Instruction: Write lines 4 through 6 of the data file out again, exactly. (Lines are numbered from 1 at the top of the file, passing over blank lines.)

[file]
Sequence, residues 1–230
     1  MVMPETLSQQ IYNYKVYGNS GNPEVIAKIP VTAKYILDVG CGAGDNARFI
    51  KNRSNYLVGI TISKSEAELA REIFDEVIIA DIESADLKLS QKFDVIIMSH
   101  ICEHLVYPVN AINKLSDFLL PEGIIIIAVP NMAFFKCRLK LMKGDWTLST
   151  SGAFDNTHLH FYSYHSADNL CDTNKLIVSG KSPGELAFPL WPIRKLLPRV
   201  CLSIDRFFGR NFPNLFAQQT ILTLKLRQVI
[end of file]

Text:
   101  ICEHLVYPVN AINKLSDFLL PEGIIIIAVP NMAFFKCRLK LMKGDWTLST
   151  SGAFDNTHLH FYSYHSADNL CDTNKLIVSG KSPGELAFPL WPIRKLLPRV
   201  CLSIDRFFGR NFPNLFAQQT ILTLKLRQVI